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J Cosmet Dermatol. 2024 Feb 8. doi: 10.1111/jocd.16196. Online ahead of print.


BACKGROUND: The COVID-19 pandemic brought about a new normal, necessitating the use of personal protective equipment (PPE) like face shields, surgical masks, gloves, and goggles. However, prolonged mask-wearing introduced skin-related issues due to changes in the skin's microenvironment, including increased humidity and temperature, as well as pressure on the skin. These factors led to skin deformation, vascular issues, edema, and inflammation, resulting in discomfort and cosmetic concerns. Clinical reports quickly highlighted the consequences of long-term mask use, including increased cases of "maskne" (mask-related acne) or mask-wearing related disorders such as rosacea flare-ups, skin-barrier defects, itching, erythema, redness, hyperpigmentation, and lichenification. Some of these issues, like inflammation, oxidative stress, and poor wound healing, could be directly linked to acne-related disorders or skin hypoxia.

AIM: To address these problems, researchers turned to rutin, a well-known flavonoid with antioxidant, vasoactive, and anti-inflammatory properties. However, rutin's poor water solubility presented a challenge for cosmetic formulations. To overcome this limitation, a highly water-soluble form of rutin was developed, making it suitable for use at higher concentrations.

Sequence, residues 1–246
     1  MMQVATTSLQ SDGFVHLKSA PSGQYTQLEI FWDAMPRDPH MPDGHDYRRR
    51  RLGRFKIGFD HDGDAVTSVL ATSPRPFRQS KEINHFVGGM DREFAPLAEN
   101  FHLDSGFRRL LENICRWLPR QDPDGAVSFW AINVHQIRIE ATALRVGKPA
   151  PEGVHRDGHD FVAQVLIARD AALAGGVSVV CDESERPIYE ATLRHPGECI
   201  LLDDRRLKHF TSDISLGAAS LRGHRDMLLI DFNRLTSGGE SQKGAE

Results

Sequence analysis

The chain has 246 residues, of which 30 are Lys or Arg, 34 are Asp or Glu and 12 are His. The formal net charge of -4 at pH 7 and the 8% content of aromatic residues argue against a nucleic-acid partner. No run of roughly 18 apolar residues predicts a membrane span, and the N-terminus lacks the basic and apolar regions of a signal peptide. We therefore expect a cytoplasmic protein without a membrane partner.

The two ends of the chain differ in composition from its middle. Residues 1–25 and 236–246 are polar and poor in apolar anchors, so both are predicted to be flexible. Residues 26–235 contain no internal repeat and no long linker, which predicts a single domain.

METHODS: In vitro and ex vivo tests were conducted, as well as an innovative clinical trial including volunteers wearing surgical masks for at least 2 h, to evaluate the biological activity of this soluble rutin on the main skin concerns associated with mask-wearing (inflammation, oxidative stress, skin repair, hyperpigmentation, and skin redness).

RESULTS: The in vitro results showed that the active ingredient significantly reduced oxidative stress, improved wound healing, and reduced inflammation. In dark skin explants, the active ingredient significantly reduced melanin content, indicating its lightening activity. This effect was confirmed in the clinical study, where brown spots decreased significantly after 4 days of application. Moreover, measurements on volunteers demonstrated a decrease in skin redness and vascularization after the active ingredient application, indicating inflammation and erythema reduction. Volunteers reported improved skin comfort.

CONCLUSION: In summary, the COVID-19 pandemic led to various skin issues associated with mask-wearing. A highly soluble form of rutin was developed, which effectively addressed these concerns by reducing inflammation, oxidative stress, and hyperpigmentation while promoting wound healing. This soluble rutin offers a promising solution for the rapid treatment of maskne-related disorders and other skin problems caused by prolonged mask use.

PMID:38332551 | DOI:10.1111/jocd.16196

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